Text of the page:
As Principal UX Lead for Providence’s Digital Innovation Group (DIG), I improved how products were researched, designed and built. I also created flexible systems to improve efficiency. Below are some initiatives I started that focus on app and site consistency and design production.
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To provide a consistent patient experience and increase product velocity, I’ve championed the formation and usage of a product wide design system. This pattern library contains multiple levels of content.
This new infrastructure involved comprehensive research into contemporary design and the healthcare landscape. We examined branding, copy, accessibility, illustration and UX/UI patterns to develop a single cohesive experience, no matter the service or device.
By using React Toolbox, Engineering was able to use this to quickly start a component library. Since React leverages Material Design we had confidence that our UI would be accessible, flexible, and familiar. My solution gave the system a head start and enables us to be ready for immediate usage.
I managed the tiger team, backlog grooming and story development for the system’s integration into products across DIG. My team is adding our own personality and design intention to this base and improves design elements from UI to larger features for constant evolution.
White Labeling System (A subset of the Design System)
I developed a white labeling system to define and catalogue, brand and content. Currently implemented on iOS and Android apps, this system allows us to quickly swap branding based upon predefined criteria.
Google HEART Framework
To provide success metrics for our mobile apps and web experiences, I’ve initiated the use of Google’s HEART Framework for the mobile apps. This system will provide tangible feedback across five categories:
• Happiness: The summation of the experience’s qualities
• Engagement: The frequency or intensity of product usage
• Adoption: The increase in audience as well as entry points
• Retention: How long are we retaining the audience and why
• Task Success: How effective the user is in their tasks
Each one of these categories will be examined across three areas. Goals, Signals and Metrics for further resolution on what we consider successful. I’m excited to implement this structure to gain insight into the success of the Swedish and Providence Health Connect apps.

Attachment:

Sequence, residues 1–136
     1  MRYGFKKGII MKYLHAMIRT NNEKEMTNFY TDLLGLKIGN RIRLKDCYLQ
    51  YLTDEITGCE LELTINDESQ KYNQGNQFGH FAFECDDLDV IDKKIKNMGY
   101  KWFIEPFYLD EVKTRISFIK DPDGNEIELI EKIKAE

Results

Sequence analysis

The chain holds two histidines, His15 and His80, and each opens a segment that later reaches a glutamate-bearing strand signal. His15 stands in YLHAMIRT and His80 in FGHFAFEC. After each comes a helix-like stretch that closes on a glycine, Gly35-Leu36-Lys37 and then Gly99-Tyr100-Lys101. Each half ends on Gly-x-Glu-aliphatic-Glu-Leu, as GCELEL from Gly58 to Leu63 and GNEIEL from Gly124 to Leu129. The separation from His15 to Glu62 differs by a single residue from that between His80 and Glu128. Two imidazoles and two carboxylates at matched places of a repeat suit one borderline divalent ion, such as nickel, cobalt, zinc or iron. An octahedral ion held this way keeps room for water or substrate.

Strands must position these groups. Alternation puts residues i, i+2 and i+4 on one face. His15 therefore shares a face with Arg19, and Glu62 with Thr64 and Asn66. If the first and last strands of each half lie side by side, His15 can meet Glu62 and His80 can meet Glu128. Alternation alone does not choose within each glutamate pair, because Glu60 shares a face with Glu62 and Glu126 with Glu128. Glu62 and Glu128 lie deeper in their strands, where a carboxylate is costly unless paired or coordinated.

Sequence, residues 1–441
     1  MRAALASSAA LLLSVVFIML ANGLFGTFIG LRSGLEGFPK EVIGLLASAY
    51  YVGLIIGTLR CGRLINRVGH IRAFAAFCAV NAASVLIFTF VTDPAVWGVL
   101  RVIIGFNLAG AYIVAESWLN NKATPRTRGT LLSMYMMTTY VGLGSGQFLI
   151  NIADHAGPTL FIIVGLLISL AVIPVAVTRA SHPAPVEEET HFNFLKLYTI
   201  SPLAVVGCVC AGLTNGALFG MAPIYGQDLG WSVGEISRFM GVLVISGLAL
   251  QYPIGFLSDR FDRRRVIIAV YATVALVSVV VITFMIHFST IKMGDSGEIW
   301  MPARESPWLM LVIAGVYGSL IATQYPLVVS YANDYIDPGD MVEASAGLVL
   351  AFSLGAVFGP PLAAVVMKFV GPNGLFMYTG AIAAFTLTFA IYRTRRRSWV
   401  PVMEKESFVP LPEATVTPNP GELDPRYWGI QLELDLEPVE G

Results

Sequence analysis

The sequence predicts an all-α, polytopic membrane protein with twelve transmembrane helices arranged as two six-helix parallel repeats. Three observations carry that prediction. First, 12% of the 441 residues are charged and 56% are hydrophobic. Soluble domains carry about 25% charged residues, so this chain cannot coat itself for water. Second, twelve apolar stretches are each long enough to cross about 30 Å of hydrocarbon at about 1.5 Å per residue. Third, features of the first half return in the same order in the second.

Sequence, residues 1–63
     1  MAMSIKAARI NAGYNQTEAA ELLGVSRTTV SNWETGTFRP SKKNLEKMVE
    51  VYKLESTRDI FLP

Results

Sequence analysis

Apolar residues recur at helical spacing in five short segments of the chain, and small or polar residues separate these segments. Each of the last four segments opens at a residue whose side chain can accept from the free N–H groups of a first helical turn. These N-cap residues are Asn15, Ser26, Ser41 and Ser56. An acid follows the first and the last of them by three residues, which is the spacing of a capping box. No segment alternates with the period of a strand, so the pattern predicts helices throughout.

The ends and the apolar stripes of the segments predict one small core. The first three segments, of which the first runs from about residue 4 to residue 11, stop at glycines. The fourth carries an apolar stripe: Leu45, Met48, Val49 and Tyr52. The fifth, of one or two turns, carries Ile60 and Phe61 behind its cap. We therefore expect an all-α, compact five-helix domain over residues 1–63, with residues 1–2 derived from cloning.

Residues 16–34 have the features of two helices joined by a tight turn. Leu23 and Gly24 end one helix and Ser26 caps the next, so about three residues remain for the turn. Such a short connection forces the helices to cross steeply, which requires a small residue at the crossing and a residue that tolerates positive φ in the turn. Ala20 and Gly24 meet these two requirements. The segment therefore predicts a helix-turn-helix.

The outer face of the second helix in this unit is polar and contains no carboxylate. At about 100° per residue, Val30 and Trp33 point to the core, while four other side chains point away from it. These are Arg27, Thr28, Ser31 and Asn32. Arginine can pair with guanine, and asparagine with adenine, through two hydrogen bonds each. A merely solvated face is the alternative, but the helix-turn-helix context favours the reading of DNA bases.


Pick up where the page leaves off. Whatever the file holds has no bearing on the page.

Every month we perform Research Round Robins to obtain feedback on our digital products. We arrange for patients to test concepts and full end to end prototypes. This high-frequency research exposed a major flaw in asset delivery. Teams were spending too much time rebuilding prototypes for each Round Robin.
To solve this issue, I’ve developed protocol for faster UX delivery to Research. We start with templates built from previously defined criteria (Interviews, Observations, Cognitive Walkthroughs, Usability, etc). This system achieves expedited delivery as it removes ambiguities around prototype definition. I’m also investigating software to further automate delivery to assist our Research partners.
A Breath of Fresh Air
In addition to the revamped experience across IA and interactions, I’m also redefining the brand expression within our mobile app and sites. Working with illustrators and copywriters, we’re removing communication barriers to present healthcare in a more reliable, approachable, and friendly voice.
I organized and oversaw the team through illustration and copywriting white boarding sessions.
It’s an important (and fun) part of the experience building process. One that will set the tone and provide a ‘personality foundation’ for future releases. Creative direction will also become a part of the Design System.
Process the Process
I saw a need for standards at DIG, so I re-engineered how UX products are manufactured and presented. Different teams were using different solutions which lead to conflicts and inconsistency. What we needed were specific tools for specific needs.
I established Sketch as the ideal software for design and Zeplin for Dev markups. The teams now rely upon Axure for large IA and dynamic prototypes (where data or complex interactions are required) . We use InVision for simpler (no data or complex interactions required) prototypes. Now that the team has grown across platforms, I worked with my team to use Abstract for essential version control. I’m always on the look out for the latest and greatest to increase consistency and velocity.
Common Language Standards
A few months back, I noticed a substantial “tower of babel” effect within the organization when it came to software and healthcare vernacular. Some people referred to creating a username and password as “Account Creation”, others called it “Registration”, some called it “Intake”. This lead to confusion across departments and platforms.
I organized and facilitated multiple meetings within each department to first understand the reasons for miscommunication. The next step was to agree upon common criteria for each term then actually naming the terms. I organized a library and maintain the conversation across departments as new questions arise. This initiative has yielded positive results in consistency of communication and continues to evolve as features grow.
Let’s discuss your next initiative.